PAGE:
Navy warship takes part in goodwill exercise near Solomon Islands after leader’s reported snub
Stars and Stripes August 12, 2022
A U.S. Navy warship recently took part in a goodwill exercise with the Solomon Islands’ maritime police and the Japan Maritime Self-Defense Force, the first such operation between Tokyo and the Oceania nation.
The littoral combat ship USS Oakland, the Japanese destroyer JS Kirisame and the Solomon Islands patrol boat Taro practiced tactical maneuvering near the Solomons on Aug. 8, according to a news release the next day from Japan’s Ministry of Defense.
The maneuvers were followed by a separate exercise in the area by the Oakland and Kirisame.
The U.S. 3rd Fleet acknowledged Stars and Stripes’ request for additional details on Thursday but did not respond by Friday evening.
The exercises were a part of a two-day effort to build closer ties with the Solomon Islands, according to the defense ministry.
The Pacific archipelago in April signed a five-year security agreement with Beijing, raising concern in the United States and Australia that China might establish a military base there.
Australian and U.S. diplomats headed to the Solomons to mend the breach and by June Solomon Island Prime Minister Manasseh Sogavare had pledged that his country would never host a Chinese installation.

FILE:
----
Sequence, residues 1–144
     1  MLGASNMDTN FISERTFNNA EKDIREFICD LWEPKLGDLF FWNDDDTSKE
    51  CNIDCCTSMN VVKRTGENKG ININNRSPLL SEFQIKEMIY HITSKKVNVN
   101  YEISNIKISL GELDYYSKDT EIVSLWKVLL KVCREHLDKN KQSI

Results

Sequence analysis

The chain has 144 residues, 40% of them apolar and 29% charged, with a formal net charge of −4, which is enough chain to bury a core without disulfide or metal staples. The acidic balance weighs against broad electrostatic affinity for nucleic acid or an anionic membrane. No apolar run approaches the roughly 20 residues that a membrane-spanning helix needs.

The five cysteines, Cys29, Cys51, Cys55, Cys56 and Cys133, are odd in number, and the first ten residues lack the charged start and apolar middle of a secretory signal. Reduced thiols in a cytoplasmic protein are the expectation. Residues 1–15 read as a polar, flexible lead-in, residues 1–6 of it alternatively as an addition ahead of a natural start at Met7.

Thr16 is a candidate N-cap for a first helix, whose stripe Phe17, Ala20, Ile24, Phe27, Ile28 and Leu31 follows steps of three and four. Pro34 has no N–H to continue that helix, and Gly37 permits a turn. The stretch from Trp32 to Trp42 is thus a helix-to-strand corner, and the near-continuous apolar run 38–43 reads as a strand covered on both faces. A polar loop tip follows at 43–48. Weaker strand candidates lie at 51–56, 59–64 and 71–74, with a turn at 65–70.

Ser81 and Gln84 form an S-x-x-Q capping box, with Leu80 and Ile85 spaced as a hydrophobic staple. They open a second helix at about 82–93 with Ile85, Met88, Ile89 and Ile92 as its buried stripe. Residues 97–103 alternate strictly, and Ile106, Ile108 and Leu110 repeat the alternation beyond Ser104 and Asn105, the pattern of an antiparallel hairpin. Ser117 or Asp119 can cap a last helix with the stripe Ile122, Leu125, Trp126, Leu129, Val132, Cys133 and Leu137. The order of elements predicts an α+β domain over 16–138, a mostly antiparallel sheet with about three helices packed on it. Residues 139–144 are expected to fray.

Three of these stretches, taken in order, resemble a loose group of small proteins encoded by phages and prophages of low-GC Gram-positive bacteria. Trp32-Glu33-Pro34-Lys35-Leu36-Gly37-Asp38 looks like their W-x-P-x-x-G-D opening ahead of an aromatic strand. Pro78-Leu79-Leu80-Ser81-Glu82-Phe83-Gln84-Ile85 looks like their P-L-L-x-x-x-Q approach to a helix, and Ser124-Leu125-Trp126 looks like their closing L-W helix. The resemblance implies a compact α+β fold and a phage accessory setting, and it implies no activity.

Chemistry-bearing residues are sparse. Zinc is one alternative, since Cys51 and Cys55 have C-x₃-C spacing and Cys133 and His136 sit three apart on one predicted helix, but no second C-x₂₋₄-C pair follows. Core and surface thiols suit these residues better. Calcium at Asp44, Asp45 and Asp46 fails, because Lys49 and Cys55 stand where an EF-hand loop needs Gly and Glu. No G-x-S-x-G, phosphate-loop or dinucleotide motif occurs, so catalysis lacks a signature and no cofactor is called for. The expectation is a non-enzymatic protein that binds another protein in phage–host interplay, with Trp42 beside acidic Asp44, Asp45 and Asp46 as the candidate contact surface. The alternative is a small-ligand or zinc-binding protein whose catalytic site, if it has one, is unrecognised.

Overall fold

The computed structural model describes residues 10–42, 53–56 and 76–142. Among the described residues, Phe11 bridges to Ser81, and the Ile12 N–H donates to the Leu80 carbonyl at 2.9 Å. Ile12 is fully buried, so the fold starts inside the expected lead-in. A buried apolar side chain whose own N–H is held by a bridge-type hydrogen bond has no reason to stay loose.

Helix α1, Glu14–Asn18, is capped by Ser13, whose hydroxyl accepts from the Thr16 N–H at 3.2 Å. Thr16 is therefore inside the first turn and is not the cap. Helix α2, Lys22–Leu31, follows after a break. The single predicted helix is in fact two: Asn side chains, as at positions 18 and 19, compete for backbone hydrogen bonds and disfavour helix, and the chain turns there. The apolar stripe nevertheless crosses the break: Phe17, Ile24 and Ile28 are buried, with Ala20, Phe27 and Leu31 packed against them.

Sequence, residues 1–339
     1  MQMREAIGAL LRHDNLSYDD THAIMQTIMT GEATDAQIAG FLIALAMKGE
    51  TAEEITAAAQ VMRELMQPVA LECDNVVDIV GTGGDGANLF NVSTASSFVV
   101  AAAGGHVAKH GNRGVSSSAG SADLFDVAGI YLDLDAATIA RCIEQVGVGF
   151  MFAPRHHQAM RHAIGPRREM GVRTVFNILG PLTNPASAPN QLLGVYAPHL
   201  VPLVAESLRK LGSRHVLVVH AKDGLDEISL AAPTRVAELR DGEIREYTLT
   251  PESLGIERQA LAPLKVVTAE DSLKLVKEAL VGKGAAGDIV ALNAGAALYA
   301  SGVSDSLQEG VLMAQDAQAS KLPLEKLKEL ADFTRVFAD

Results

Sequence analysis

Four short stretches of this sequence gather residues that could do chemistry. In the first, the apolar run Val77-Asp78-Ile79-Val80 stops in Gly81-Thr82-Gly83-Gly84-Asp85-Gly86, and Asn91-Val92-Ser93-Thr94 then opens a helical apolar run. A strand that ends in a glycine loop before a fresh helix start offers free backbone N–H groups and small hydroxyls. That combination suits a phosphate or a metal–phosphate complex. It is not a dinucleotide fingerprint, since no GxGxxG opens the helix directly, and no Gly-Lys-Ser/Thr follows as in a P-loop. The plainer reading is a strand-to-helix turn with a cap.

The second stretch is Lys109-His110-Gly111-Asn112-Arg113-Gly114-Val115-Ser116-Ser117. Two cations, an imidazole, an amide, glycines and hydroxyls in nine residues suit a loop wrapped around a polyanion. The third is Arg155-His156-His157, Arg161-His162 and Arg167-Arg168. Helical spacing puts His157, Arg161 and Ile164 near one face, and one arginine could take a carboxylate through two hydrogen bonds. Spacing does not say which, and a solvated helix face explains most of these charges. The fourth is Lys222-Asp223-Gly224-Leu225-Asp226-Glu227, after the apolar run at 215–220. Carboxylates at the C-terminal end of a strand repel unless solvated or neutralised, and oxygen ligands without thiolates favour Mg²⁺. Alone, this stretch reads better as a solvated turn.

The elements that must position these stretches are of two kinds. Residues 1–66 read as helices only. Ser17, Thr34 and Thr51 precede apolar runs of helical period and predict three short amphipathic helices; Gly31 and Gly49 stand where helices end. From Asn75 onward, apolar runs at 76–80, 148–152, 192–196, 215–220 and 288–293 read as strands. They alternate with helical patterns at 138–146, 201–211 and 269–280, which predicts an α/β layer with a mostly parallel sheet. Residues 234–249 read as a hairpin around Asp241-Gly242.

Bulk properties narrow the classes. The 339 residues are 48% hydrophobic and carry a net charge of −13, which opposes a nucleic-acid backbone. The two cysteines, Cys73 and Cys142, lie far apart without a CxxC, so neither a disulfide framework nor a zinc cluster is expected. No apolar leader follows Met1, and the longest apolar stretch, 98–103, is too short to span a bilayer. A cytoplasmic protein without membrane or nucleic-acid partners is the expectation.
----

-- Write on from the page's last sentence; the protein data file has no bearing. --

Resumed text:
Relations between the U.S. and the Solomon Islands remain relatively cold, however.
On Sunday, Sogavare skipped a memorial service commemorating 80 years since the World War II Battle of Guadalcanal, a service attended by several dignitaries, including U.S. Deputy Secretary of State Wendy Sherman, whose father died fighting in the Solomon Islands.
Local media described Sogavare’s absence as a snub, Reuters reported Tuesday.
Sherman on Tuesday concluded a trip to five Pacific nations, including the Solomon Islands, and told reporters in New Zealand that the U.S. is “doubling down on our investment here in the Pacific,” The Associated Press reported Wednesday.
Secretary of State Antony Blinken announced in February that the U.S. would open an embassy in the Solomon Islands’ capital, Honiara, to “deepen cooperation with Pacific Island partners,” according to the State Department.
The U.S. closed its embassy in Honiara in 1993 and moved all diplomatic functions to the U.S. Embassy in Port Moresby, Papua New Guinea.